There are few Japanese gardens in New England, so it is unusual to find one gracing the tiny island of Chappaquiddick for almost 70 years. In 1954 Mary Wakeman purchased land in Chappaquiddick for a summer home, and hired Edgartown architect Hugh Jones to design her a Japanese-style house. As payment, she sold him a 3-acre parcel across the road from her house for $1.
Jones had developed a love of Japanese gardens during his military service. He began his own Japanese-style garden by scooping out a pond in the midst of the pitch pine forest, and building a little red bridge. He planted rhododendrons, azaleas and junipers. He did all of the landscaping and planting himself, and spent so much time on his garden that he referred to it as his "toy." He named the garden "my toy," which he spelled “M-Y-T-O-I” as we see it today.
When Jones died in 1965, his heirs sold the property back to Wakeman, who managed the garden and provided free access to the public. She donated the garden along with an endowment and an additional 11 acres of land to the Trustees in 1976.
When Hurricane Bob descended on Chappaquiddick in 1991, it decimated more than 70% of the plantings. Only a few of the original pitch pines, azaleas and rhododendrons survived the onslaught. The Trustees hired the team of Don Sibley and Julie Moir Messervy to develop and implement a reconstruction plan. Sibley is an artist with a strong interest in Japanese culture and gardening practices. Messervy is a renowned landscape designer who studied in Japan and was the first Western woman to be apprenticed to a Japanese master gardener.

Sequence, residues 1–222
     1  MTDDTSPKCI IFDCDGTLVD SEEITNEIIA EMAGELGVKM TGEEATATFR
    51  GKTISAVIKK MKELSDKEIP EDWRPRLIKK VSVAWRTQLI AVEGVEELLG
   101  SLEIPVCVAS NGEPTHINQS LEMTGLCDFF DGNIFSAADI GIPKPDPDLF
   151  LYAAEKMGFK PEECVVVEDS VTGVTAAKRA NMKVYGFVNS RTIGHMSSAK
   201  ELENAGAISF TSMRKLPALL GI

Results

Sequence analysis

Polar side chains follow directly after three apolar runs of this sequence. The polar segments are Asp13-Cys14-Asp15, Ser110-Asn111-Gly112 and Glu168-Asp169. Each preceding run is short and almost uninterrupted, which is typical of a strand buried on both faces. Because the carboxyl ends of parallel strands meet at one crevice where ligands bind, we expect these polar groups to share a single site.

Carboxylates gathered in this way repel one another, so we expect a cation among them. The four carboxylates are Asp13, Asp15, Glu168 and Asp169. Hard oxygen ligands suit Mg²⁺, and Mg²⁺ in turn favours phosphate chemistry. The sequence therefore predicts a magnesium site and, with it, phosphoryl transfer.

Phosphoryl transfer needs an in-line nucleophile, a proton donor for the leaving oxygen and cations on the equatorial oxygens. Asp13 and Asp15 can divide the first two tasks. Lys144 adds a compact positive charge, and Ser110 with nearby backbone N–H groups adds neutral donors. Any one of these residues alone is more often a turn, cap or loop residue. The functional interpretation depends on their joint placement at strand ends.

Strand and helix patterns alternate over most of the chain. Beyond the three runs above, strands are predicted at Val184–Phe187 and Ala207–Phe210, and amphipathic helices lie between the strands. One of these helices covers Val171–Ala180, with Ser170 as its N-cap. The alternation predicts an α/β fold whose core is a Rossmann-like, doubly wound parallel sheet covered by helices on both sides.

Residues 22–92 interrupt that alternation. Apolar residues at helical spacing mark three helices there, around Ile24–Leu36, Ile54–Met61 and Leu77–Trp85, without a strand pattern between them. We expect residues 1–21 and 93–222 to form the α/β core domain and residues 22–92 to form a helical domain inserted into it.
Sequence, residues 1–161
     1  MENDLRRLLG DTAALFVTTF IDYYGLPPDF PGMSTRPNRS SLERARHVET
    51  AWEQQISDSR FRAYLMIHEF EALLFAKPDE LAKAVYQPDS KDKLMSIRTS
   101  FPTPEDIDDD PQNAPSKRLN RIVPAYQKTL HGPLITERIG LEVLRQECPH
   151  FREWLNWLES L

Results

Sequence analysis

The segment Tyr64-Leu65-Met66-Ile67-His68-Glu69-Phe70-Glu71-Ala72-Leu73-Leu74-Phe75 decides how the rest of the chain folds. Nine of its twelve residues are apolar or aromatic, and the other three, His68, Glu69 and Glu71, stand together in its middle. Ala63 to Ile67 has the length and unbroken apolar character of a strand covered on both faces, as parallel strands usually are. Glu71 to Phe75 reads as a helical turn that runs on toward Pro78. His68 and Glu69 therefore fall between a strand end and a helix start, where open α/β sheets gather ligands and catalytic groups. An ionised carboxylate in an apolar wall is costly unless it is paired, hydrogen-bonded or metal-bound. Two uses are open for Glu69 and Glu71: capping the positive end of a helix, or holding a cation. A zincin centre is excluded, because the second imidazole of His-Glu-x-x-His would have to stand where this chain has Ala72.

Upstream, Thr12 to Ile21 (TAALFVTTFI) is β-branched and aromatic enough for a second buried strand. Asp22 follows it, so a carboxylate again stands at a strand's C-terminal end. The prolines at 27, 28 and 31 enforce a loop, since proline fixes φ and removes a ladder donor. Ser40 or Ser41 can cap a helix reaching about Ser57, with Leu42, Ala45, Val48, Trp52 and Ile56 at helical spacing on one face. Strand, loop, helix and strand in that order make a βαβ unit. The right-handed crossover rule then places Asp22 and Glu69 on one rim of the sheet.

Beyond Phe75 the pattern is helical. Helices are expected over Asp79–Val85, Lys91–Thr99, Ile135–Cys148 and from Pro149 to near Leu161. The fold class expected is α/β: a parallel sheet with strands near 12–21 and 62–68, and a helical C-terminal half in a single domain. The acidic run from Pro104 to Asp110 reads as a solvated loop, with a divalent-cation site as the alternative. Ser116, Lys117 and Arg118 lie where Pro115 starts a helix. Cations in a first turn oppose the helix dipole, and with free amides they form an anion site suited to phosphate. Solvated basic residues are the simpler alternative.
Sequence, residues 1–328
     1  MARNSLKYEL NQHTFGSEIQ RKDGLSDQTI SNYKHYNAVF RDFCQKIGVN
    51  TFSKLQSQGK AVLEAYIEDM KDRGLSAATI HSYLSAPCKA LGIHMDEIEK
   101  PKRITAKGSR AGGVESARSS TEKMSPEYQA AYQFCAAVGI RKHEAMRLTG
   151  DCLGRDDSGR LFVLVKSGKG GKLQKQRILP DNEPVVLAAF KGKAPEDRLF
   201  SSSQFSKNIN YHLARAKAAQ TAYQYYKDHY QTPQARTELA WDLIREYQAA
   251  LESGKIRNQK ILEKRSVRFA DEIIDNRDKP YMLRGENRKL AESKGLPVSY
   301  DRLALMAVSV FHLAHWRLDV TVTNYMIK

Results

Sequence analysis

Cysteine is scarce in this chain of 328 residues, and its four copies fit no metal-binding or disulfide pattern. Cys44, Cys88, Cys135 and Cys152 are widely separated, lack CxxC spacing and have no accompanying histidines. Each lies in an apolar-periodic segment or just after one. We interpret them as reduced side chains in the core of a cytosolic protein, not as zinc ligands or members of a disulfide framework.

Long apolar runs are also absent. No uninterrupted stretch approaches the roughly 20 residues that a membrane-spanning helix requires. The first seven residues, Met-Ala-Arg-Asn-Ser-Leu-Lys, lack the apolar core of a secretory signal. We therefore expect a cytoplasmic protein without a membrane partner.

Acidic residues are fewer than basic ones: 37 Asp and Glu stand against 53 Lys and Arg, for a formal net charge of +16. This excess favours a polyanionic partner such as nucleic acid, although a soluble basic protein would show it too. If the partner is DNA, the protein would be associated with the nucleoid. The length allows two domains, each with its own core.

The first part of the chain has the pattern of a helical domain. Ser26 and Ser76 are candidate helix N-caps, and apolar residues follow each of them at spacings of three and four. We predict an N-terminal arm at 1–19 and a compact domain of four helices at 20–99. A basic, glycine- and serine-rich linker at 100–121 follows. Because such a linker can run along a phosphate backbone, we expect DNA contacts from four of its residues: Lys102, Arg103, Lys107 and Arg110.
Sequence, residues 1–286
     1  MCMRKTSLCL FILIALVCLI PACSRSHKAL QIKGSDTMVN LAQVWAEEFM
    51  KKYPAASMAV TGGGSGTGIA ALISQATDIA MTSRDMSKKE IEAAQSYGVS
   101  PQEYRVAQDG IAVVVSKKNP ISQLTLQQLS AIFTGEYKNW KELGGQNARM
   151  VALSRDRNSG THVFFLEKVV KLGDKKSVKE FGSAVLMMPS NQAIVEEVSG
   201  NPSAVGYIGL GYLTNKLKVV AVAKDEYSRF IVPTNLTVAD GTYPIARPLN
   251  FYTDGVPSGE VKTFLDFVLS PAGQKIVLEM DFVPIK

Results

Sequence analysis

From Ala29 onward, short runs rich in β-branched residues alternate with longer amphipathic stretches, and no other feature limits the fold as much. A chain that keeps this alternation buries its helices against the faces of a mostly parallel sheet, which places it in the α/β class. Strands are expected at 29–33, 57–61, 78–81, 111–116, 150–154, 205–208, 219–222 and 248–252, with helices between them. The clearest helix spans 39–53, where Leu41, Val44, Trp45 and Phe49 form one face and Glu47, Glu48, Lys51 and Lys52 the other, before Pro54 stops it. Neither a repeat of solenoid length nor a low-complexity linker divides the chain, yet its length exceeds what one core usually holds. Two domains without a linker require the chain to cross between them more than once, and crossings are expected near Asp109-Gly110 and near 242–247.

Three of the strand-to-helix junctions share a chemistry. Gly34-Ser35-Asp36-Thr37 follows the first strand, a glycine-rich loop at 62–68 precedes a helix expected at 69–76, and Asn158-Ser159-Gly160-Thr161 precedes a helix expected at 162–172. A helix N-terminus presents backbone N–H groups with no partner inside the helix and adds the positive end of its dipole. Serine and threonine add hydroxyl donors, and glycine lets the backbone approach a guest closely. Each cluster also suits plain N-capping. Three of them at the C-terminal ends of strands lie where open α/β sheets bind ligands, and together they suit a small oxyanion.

The new Mytoi garden is divided into Japanese-inspired garden rooms, with Asian plants and traditional Japanese garden elements. The entry gate is modeled after one you would find at a Japanese temple, but crafted from local black locust trees. As you stroll through the garden, you find azaleas and rhododendrons from the original garden, complemented by new birch alles, Stewartias, threadleaf maples, mountain laurels, camellias, and paths lined with Japanese primroses.
The pond is still there, but with a new zigzag-shaped bridge bordered by winterberry and beach plum. On a hill opposite the pond, a path leads to the azumaya, or traditional shelter where one would wait before entering a teahouse. A second hill topped with a bench provides a serene view of the water. The pond is stocked with koi, but due to local otters and osprey, the fish supply has to be supplemented with fresh donations every year. Mytoi invites you to slow down, to appreciate the nuances of Japanese design, and to contemplate the beauty of nature.
Hours: Daily dawn to dusk, admission $3
Mytoi, 41 Dike Rd., Edgartown, MA 02539, (508) 627-7689